Clothes on or clothes off? It seems that boadcasters can’t make up their minds.
Listening to the factual commissioners speaking at Sheffield Doc/Fest this year, there’s a shift towards more aspirational programming. But there’s also a string of commissions coming through where there’s a theme of getting naked and back to basics.
Channel 5 director of programmes Ben Frow signalled a move from benefits to beautiful homes, citing Eamonn & Ruth: How the Other Half Lives. We saw a preview of The Garden’s new BBC series fronted by Anne Robinson looking at how people spend. “Moving out of the recession, Britain’s spending has never been so fascinating,” says the show’s press release.
Meanwhile, there are still a number of productions coming through that show the hand of The Island and the demand for going back to basics. Lucy Leveugle, Channel 4 factual entertainment commissioning editor showed a clip from Princess Productions’ Life Stripped Bare, where contributors are stripped of everything (including their clothes) and then allowed to redeem one item a day. Channel 5 has commissioned Naked Entertainment for four parts of Stripped and Stranded, taking fraught families to an island off Panama.
Channel 4 also showed a preview of its new naked dating show from Studio Lambert where contestants get to pick a date by looking at genitalia.
But the move towards exposure is more than on screen nudity and taking creature comforts away from contributors. The layers have been coming off every year. Whatever the show is about, it should speak for itself. It should be authentic, real, peeled back. Audiences want presenters to reveal something about themselves as part of their passion for a subject. Crews have been encouraged to lose the protection of the lens and get in front of the camera.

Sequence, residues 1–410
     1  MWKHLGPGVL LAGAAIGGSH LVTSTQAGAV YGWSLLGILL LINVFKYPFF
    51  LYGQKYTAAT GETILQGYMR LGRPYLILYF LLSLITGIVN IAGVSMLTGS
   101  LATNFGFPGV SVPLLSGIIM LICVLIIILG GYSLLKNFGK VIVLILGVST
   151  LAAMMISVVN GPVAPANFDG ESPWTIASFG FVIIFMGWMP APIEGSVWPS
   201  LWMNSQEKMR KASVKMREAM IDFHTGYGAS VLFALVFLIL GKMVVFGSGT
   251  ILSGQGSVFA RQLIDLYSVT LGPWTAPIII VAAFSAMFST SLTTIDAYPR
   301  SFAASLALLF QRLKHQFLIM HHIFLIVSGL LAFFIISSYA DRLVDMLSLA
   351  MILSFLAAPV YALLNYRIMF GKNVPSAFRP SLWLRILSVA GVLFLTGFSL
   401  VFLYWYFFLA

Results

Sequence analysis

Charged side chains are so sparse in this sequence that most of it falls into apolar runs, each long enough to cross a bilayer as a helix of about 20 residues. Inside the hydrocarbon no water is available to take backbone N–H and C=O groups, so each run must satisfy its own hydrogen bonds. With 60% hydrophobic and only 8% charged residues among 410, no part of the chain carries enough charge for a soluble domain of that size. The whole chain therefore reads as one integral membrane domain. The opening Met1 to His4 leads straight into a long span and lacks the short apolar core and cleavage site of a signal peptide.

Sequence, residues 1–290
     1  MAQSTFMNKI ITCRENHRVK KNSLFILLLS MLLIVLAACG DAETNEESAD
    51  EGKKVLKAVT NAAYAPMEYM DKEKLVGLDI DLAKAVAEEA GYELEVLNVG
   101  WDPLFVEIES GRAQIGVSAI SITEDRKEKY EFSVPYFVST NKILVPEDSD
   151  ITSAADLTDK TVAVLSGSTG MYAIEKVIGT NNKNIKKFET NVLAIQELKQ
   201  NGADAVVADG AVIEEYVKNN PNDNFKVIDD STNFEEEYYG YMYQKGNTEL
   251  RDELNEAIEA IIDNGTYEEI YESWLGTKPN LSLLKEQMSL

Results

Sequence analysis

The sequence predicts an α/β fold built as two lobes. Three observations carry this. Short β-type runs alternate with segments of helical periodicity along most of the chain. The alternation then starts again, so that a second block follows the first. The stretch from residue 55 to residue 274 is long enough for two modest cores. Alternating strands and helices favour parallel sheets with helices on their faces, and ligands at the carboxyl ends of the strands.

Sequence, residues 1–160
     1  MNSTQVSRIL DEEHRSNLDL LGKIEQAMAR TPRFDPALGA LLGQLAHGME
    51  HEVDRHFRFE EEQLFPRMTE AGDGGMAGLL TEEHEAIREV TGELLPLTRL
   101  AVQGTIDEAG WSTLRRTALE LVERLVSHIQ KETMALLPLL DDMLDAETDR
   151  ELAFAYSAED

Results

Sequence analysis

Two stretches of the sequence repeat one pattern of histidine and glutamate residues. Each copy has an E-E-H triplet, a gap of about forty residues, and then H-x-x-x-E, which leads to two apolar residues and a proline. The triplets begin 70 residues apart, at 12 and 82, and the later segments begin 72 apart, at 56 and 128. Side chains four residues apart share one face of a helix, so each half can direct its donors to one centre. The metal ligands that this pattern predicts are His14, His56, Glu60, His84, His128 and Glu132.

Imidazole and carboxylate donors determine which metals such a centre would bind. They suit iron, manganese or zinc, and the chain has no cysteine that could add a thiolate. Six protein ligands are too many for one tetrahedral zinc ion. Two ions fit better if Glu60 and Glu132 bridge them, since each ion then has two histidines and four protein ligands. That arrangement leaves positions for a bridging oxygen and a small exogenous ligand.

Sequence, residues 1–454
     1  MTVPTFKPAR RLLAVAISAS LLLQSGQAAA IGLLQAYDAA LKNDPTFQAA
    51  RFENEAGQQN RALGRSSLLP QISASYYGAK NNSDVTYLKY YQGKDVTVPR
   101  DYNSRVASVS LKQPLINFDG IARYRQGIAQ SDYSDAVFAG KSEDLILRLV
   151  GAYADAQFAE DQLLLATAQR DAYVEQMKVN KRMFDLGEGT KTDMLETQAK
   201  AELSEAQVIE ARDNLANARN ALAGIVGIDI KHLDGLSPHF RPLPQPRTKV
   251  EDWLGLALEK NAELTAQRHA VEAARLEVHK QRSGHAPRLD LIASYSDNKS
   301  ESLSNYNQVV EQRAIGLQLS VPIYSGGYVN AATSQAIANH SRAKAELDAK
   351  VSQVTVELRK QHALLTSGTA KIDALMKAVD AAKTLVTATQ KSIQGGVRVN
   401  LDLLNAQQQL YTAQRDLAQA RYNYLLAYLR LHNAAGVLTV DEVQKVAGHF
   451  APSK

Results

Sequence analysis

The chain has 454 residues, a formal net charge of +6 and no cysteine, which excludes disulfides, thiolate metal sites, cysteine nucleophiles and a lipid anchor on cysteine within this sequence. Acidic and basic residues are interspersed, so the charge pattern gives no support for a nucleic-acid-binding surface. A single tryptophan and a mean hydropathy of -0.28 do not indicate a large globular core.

Channel Five declared its commitment to the straight-forward down-the-lens approach taken by Knickerbockerglory’s I’m An Alcoholic: My Name Is. “These were great people with great stories,” says Ben Frow. “No reconstruction, no actuality, just straight down the lens, stripping away all the stuff around it and doing simple television.”
Of course, simplicity relies on contributors and producers getting amazing, no-holds-barred access and ‘casting’ compelling characters. Despite, and maybe because of, the media savvy public, producers are continuing to get the most extraordinary access. Sky announced its up-coming obdoc on the Freemasons, through Emporium Productions and Channel 5 and Maroon Productions have handed cameras to London gangs for Inside the Gang.
Whether the show is stripped-back survival or aspirational surfeit, the realistic, down-to-earth feel of documentary, once referred to as ‘gritty’ is now shot through all kinds of factual TV.
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